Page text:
A while back, a friend and colleague here at the World Bank told me of an experience that bothered him. He had been talking to a minister in an African country where the government had been making strenuous efforts to become more open and transparent. It had passed a Freedom of Information law, made quantities of government information available, liberalized the media sector, thus creating a vibrant, even raucous public sphere…all the things people like me urge developing country governments to do. In a couple of neighboring countries, said the minister, the governments had gone in the opposite direction. They had restricted access to official information, clamped down on the press, and were generally thuggish towards the media, civil society activists and so on.
What the minister asked my colleague is roughly this:
‘Can you guess which government is being painted as corrupt and incompetent by local and international NGOs and the local and international media? Ours!’
He continued thus: ‘Is that our reward for doing the right thing? The more transparent you are the more you are punished with relentlessly negative coverage and immature activism. Our tough neighbors now have a better reputation than we do. They are seen as less corrupt and more competent. Can you believe that?’
When my friend told me the story, it reminded me of press reports I had read about what Tony Blair  apparently said in his memoirs about passing a Freedom of Information Law in the UK when he was Prime Minister. I googled it and came up with this 2010 BBC story titled ‘Why Tony Blair thinks he was an idiot’ . According to the report, these are the words Tony Blair addressed to himself in his memoirs for passing the UK’s Freedom of Information Act:
'You idiot. You naïve, foolish, irresponsible nincompoop. There is really no description of stupidity, no matter how vivid that is adequate. I quake at the imbecility of it.'
Blair’s view is that Freedom of Information Acts are not used by ‘the people’ but by especially motivated groups like the media. He adds:
'For political leaders, it’s like saying to someone who is hitting you with a stick, “Hey, try this instead’, and handing them a mallet.'
Now, if you are an activist in an NGO focusing on transparency or a journalist keen to get your hands on as much government information as possible, you are likely to dismiss reactions like those of the minister my friend spoke to or someone like Blair. You are going to make a point that I am broadly agree with: that transparency is precisely about holding governments accountable; it is not about making them comfortable.
Having said that, two considerations have recently had the effect of making me wonder if some of us are being grown up about all this. The first one is as follows. I have come to believe that many media commentators and activists often reward open and transparent governments with harsh, unforgiving and often operatic reactions to the mistakes of these governments while ignoring the depredations and crimes of the autocracies. As I write, there are tough, non-permissive environments where journalists and citizen activists are still under jackboots. Many are not only being jailed every year, several of them are being killed. Are there huge efforts in the global public sphere to support the citizen activists, bloggers and journalists in these tough places? Very little. What fills the global media and the airwaves? Here’s what: the comparatively minor mistakes and shortcomings of the governments of open societies. The question is: how do we establish global norms of good governance if pressure for accountability is partial, if we only blast those it is easy to attack? Is the current partiality not a strategic error?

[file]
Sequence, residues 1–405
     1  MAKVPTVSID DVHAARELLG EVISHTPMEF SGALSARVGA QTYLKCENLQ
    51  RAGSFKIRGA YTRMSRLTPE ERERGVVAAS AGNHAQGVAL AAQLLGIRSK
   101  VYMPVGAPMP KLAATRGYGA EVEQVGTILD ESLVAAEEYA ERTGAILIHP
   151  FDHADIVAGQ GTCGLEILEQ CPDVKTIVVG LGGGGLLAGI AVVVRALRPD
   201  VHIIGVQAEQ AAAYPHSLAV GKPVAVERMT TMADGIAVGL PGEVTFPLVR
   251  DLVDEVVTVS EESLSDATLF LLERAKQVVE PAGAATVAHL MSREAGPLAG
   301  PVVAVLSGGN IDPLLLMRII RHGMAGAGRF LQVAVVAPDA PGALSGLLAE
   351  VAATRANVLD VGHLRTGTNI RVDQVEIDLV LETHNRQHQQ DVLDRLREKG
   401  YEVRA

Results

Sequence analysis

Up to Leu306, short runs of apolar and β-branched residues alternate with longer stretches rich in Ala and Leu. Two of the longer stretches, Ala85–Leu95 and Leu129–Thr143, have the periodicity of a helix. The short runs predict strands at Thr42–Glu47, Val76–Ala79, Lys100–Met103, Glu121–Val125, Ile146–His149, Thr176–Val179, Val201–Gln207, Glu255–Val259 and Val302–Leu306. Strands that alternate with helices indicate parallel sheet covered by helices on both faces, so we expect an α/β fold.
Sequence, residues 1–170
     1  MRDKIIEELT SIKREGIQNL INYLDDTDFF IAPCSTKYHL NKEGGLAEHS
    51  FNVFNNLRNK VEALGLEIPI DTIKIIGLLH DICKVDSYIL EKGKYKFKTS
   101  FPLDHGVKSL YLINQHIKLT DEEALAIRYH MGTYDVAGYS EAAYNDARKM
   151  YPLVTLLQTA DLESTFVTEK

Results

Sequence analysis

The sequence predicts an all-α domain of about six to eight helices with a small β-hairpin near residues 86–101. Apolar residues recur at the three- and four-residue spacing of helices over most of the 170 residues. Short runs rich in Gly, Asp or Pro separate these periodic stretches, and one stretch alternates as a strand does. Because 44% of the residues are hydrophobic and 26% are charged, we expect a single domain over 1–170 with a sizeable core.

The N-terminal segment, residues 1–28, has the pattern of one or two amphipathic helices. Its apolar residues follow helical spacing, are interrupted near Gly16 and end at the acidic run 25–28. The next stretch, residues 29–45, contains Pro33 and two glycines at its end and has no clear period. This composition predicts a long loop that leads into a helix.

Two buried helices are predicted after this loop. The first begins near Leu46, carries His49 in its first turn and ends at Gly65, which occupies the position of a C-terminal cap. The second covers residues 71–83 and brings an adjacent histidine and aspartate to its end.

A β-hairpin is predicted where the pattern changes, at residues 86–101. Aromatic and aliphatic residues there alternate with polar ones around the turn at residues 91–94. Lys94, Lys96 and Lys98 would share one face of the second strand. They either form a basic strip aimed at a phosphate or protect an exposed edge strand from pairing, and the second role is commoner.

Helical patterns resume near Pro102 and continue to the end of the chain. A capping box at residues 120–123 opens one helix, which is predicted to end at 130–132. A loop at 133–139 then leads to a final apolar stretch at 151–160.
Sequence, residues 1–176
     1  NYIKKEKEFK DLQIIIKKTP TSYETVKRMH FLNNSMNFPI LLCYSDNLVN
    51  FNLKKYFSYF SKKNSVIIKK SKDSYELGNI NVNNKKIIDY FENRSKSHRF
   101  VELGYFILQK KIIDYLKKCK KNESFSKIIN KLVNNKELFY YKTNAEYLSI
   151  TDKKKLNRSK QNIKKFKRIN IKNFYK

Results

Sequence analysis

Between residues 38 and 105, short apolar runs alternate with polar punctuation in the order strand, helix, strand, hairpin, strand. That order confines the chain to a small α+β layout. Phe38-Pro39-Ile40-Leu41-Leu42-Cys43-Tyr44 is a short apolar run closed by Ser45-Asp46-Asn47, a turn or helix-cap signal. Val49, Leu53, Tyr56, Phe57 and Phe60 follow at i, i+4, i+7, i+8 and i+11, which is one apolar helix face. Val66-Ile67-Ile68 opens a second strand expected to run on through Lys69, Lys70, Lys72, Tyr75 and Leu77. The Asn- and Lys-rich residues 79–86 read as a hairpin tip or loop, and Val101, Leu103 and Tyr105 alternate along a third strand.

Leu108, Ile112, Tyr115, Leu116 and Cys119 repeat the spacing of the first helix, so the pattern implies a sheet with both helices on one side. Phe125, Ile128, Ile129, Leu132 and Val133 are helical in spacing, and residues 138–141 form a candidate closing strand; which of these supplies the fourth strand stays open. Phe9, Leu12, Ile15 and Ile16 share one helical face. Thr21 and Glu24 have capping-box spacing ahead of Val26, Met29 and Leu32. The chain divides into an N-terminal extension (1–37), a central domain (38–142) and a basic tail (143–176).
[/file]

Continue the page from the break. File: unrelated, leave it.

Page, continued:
The second consideration is as follows. There is a real danger that the current imbalance in pressure will bleed support from on-going efforts to open up different societies, to pass more Freedom of Information laws, to create free, plural and independent media systems. Voices like those of the minister who spoke to my friend and certainly Blair’s act as warnings to leaders who are considering whether or not to resist pressure to open up their public spheres, and make governance more open and transparent. For the reality is that each one of these steps amounts to a major reform of governance arrangements in any country. As with any reform, you are going to need a big enough coalition to get the reform through in each unique country context. In each case, it is naïve in the extreme to suppose that bottom up pressure alone will get the reform through. In each case, you are going to need support within national leadership structures. The more leaders come to the conclusion that supporting transparency is handling your opponents a mallet the longer the row that reformers will have to hoe.